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When Office Christmas Parties Were Totally Insane

This is the only time when the pretty file clerk gets kissed in public and the homely one gets kissed at all.

Life Magazine, December 27, 1948

Had Wayne Ritchie not tried to stick up the bartender, it might’ve been the best Christmas party ever.  

It was December 1957, and Ritchie was reveling with his fellow federal employees in a San Francisco post office. Tumblers filled with ice and bourbon were handed out like favors while law enforcement personnel—Ritchie was a U.S. marshal—decompressed from the stress of their job and the holiday season.

Abruptly, Ritchie became paranoid. He decided his co-workers didn’t like him. He downed drinks. Colors blurred. Before he knew it, Ritchie had pulled out his service weapon and tried to rob a bartender to fund his escape from the city. A patron promptly rapped him on the head from behind, knocking him unconscious.

Decades later, Ritchie learned of an absurdly unethical government experiment to better understand LSD’s effects, leading Ritchie to believe that he was one of the many subjects that the drug had driven out of their minds.

As holiday office party stories go, it’s a hard one to top. But thanks to Mad Men and its damning portrayal of the chauvinist, sexist workforce in the 1950s, Ritchie’s experience doesn't seem that out of the ordinary. Lubricated with alcohol and filled with a year’s worth of pent-up frustrations at co-workers and bosses, the holiday mixer has become synonymous with reckless behavior: gin in the water coolers, men separated from their pants, and post-party personnel issues.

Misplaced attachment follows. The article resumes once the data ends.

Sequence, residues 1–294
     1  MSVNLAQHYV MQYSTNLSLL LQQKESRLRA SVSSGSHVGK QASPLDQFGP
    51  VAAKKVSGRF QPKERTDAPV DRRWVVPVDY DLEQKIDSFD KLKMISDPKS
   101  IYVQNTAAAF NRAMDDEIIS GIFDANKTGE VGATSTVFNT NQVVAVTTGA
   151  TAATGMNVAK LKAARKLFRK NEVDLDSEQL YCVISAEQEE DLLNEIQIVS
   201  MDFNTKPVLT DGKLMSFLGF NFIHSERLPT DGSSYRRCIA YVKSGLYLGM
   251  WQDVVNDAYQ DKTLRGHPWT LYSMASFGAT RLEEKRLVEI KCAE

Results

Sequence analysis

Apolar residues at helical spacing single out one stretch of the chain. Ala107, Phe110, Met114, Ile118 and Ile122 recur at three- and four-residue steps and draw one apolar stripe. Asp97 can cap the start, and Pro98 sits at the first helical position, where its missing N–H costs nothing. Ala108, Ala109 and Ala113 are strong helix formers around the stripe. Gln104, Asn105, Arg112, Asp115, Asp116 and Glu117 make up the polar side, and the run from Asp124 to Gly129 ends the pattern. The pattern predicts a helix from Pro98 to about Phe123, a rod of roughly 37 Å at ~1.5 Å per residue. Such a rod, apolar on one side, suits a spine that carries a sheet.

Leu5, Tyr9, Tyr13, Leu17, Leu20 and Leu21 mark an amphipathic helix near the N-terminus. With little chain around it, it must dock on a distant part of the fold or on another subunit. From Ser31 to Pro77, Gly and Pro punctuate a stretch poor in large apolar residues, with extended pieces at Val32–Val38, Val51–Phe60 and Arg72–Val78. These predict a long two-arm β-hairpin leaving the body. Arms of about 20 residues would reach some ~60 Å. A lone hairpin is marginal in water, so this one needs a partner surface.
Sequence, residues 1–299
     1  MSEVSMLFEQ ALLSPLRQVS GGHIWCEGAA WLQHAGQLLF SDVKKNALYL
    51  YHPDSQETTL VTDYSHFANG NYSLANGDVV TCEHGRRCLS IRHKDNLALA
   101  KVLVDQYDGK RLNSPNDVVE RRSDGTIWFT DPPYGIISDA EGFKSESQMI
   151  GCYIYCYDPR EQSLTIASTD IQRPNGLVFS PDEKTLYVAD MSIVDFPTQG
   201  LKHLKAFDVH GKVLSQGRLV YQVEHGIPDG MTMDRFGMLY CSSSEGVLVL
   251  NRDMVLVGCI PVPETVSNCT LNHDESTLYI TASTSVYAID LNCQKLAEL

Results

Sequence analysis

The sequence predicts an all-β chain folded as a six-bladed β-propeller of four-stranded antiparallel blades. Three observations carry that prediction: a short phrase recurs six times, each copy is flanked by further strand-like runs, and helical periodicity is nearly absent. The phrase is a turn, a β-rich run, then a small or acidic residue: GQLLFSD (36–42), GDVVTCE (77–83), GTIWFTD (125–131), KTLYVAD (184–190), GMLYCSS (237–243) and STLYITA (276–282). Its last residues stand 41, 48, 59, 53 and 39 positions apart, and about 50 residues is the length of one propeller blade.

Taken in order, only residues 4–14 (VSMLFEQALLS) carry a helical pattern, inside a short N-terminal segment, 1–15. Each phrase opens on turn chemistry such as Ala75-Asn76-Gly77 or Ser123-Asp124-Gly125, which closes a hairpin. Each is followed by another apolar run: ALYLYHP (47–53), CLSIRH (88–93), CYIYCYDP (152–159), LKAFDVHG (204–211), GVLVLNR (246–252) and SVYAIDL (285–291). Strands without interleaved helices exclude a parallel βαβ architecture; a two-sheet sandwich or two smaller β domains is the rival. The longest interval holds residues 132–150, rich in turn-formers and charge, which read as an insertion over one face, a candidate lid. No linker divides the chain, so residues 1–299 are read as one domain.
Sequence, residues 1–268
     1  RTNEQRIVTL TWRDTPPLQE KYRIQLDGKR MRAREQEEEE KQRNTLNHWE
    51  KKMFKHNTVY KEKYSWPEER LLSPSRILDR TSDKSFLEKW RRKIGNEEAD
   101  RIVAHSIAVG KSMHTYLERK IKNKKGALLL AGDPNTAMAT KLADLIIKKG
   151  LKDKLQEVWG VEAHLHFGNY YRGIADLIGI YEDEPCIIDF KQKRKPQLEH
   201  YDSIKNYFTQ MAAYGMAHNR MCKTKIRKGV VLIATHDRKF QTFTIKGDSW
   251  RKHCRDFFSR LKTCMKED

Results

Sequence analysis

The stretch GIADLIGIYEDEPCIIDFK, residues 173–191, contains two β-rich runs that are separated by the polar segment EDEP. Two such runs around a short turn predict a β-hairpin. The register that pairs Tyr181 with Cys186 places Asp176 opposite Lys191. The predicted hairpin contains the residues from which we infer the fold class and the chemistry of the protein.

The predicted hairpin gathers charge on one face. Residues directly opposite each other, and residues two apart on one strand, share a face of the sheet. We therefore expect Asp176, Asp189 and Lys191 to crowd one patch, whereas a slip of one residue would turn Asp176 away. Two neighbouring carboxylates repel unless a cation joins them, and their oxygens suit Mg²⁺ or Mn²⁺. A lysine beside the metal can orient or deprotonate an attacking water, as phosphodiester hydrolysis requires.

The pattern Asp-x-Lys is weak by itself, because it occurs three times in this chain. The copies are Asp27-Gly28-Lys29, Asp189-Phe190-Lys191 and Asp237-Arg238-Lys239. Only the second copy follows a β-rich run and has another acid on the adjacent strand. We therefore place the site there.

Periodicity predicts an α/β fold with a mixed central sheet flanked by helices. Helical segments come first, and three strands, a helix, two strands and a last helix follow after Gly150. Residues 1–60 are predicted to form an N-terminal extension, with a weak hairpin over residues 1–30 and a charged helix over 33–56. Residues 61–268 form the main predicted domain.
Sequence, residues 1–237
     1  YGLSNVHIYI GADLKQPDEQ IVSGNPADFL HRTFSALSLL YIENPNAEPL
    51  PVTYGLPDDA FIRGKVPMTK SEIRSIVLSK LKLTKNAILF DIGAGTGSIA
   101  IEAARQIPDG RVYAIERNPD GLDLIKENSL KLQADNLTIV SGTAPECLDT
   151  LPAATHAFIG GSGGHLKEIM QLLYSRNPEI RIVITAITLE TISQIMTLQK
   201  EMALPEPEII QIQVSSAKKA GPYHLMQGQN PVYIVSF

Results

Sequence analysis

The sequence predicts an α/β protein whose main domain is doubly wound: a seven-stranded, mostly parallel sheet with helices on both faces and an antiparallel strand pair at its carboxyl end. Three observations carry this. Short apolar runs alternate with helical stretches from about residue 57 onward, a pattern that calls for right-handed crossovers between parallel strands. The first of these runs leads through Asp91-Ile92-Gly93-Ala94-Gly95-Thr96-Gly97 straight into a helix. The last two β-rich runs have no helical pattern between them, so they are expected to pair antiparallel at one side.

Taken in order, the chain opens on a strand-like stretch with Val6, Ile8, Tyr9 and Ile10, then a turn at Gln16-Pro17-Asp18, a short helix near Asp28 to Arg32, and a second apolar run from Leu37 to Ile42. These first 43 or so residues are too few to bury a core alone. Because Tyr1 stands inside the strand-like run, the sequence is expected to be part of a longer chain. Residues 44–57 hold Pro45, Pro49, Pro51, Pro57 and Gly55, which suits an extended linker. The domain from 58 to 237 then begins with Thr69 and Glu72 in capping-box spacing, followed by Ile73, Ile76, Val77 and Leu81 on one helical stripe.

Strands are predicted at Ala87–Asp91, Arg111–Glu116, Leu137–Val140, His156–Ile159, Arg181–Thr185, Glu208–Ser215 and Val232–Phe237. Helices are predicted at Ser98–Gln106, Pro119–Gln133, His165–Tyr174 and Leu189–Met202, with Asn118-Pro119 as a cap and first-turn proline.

Though lawyers and activist groups have largely tamed the more sensational gatherings, there was a time of reports of people needing to convince a coworker not to hang outside a windowsill by their fingertips. Come Monday, nothing more would be said. But to be fair, civilization has always had its "blow off" days.

The Greeks were among the societies that assigned times when it was okay to ignore or break the rules and when authority could be mocked. But it wasn’t until the Great Depression that businesses began throwing holiday parties for downtrodden workers who couldn’t afford to celebrate on their own.

By the time America had emerged from World War II and women had joined the workforce in increasing numbers, get-togethers began amplifying the existing gender inequality that was present in the sober office routine. When Life dispatched a photographer to the Schiff Terhune insurance offices in 1948, the lens captured female subordinates dancing with the pants-less vice president and stenographers raising their skirt hems for the amusement of a department head. The magazine called the tradition a “great leveler” and an “antidote to social formality.”